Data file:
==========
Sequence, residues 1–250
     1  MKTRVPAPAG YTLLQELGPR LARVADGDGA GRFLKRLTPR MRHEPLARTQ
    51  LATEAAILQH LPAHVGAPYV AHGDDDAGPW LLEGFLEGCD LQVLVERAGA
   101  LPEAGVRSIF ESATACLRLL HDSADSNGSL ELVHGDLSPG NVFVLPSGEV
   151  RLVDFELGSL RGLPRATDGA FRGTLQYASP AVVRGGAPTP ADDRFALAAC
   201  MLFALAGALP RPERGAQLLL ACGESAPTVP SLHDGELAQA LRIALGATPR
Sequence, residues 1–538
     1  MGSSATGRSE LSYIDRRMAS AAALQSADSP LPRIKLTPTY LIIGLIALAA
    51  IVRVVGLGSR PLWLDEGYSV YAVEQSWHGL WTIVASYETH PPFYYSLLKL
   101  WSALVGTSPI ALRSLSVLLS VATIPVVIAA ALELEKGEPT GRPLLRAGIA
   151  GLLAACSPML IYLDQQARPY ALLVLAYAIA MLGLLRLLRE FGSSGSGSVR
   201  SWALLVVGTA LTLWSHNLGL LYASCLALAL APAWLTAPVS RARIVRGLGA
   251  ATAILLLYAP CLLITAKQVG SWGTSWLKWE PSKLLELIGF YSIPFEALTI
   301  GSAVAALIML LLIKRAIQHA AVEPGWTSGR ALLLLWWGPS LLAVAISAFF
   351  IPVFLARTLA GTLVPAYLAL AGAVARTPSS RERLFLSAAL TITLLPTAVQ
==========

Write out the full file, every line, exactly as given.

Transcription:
Sequence, residues 1–250
     1  MKTRVPAPAG YTLLQELGPR LARVADGDGA GRFLKRLTPR MRHEPLARTQ
    51  LATEAAILQH LPAHVGAPYV AHGDDDAGPW LLEGFLEGCD LQVLVERAGA
   101  LPEAGVRSIF ESATACLRLL HDSADSNGSL ELVHGDLSPG NVFVLPSGEV
   151  RLVDFELGSL RGLPRATDGA FRGTLQYASP AVVRGGAPTP ADDRFALAAC
   201  MLFALAGALP RPERGAQLLL ACGESAPTVP SLHDGELAQA LRIALGATPR
Sequence, residues 1–538
     1  MGSSATGRSE LSYIDRRMAS AAALQSADSP LPRIKLTPTY LIIGLIALAA
    51  IVRVVGLGSR PLWLDEGYSV YAVEQSWHGL WTIVASYETH PPFYYSLLKL
   101  WSALVGTSPI ALRSLSVLLS VATIPVVIAA ALELEKGEPT GRPLLRAGIA
   151  GLLAACSPML IYLDQQARPY ALLVLAYAIA MLGLLRLLRE FGSSGSGSVR
   201  SWALLVVGTA LTLWSHNLGL LYASCLALAL APAWLTAPVS RARIVRGLGA
   251  ATAILLLYAP CLLITAKQVG SWGTSWLKWE PSKLLELIGF YSIPFEALTI
   301  GSAVAALIML LLIKRAIQHA AVEPGWTSGR ALLLLWWGPS LLAVAISAFF
   351  IPVFLARTLA GTLVPAYLAL AGAVARTPSS RERLFLSAAL TITLLPTAVQ